The Vancouver Police Department has more opportunity to influence changes to crime-related policy in Canada than it has ever had in its history.
The announcement Sept. 6 that Police Chief Jim Chu was elected president of the Canadian Association of Chiefs of Police is not the only reason.
Tom Stamatakis, the longtime president of the Vancouver Police Union, has been the president of the Canadian Police Association since April 2011.
"The new centre of the universe," Chu joked in an interview by telephone before explaining the significance of the leadership roles. "I hope that it's a recognition that Vancouver police have a reputation as a progressive organization with good ideas to contribute."
The associations are the most powerful of their kind in the country's policing circles. Both actively lobby federal politicians to get changes made to the Criminal Code of Canada and influence new legislation.
The pairing of Chu and Stamatakis is unprecedented for Vancouver, which has unique crime problems related to drugs, criminals fleeing warrants from other provinces and questionable sentences for chronic offenders.
Recently, the VPD went public with its desire to have the government impose rules for telecommunications providers to dissuade the reactivation of stolen cellphones.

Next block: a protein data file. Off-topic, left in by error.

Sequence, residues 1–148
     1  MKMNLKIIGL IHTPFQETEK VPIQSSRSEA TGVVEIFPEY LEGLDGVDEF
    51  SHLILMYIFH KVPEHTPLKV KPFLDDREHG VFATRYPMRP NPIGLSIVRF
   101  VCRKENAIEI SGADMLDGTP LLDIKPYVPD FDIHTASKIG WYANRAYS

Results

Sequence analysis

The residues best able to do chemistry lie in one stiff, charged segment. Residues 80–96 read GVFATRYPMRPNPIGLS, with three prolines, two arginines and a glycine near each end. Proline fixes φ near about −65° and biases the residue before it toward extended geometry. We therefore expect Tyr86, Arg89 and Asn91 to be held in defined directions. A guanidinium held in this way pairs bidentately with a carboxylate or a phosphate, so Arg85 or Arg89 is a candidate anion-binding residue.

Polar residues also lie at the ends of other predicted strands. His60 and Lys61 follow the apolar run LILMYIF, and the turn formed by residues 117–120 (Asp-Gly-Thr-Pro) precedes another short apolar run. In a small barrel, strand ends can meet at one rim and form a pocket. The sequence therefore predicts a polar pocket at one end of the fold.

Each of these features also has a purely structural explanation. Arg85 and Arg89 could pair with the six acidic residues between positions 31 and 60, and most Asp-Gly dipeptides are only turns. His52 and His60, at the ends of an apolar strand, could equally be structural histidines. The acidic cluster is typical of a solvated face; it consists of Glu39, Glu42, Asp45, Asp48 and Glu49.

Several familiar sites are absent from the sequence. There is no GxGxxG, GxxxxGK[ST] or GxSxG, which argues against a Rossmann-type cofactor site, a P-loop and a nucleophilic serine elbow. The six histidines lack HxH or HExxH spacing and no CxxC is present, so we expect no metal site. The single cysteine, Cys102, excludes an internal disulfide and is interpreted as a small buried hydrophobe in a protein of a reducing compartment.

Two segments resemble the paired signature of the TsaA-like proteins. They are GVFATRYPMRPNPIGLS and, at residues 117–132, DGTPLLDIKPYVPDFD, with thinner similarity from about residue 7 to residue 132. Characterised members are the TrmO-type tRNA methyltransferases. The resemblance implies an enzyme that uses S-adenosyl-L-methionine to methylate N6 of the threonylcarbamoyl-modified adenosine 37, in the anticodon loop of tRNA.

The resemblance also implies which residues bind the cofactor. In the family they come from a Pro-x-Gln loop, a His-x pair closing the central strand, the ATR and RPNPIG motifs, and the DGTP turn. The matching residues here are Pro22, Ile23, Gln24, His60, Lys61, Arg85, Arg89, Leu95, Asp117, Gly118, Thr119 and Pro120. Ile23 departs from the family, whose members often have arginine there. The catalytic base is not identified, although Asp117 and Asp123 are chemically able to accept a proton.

"We can only do so much locally," the chief said of the rampant problem. "Being in my position [as president], I get a better chance to influence those issues."
Stamatakis and his association, which represents 55,000 members, has pushed for tougher sentencing of criminals. Last year, the federal government introduced Bill-C10, an omnibus bill that includes increases to mandatory minimum sentences.
In 2008, the VPD released a report that examined the city's so-called "chronic offenders" and their sentences. Of 75 sentences given to criminals with an average of 17 previous convictions, only four per cent received sentences of two years or longer.
As presidents of their associations, Stamatakis and Chu have the ear of Public Safety Minister Vic Toews and Justice Minister Rob Nicholson, although Chu has met with them in his role as chief.
The role of an association president can mean standing shoulder to shoulder with politicians when making announcements, as Stamatakis did when the Conservative government announced the introduction of Bill C-10.
Chu already has experience in this area, having attended press conferences with Prime Minister Stephen Harper, provincial ministers and Mayor Gregor Robertson.
"When governments bring in legislation or policies that we support, I think it's up to us to say that we support them," said the chief, whose association represents about 1,000 police leaders. "I'm not a politician but there is a role for advocacy, there is a role for shining the light on issues. If that can help affect change in a positive way to improve public safety, then I think there is a role for police to do that."
A benefit to having both national presidents in Vancouver also means less travel time for Stamatakis and Chu when a matter arises that needs to be addressed face to face.
Stamatakis' office is in the Downtown Eastside and the chief operates out of the VPD's Cambie Street headquarters.
"It's a lot easier to get together," said Stamatakis, noting the previous president of the Canadian Association of Chiefs of Police was from Prince Albert, Sask.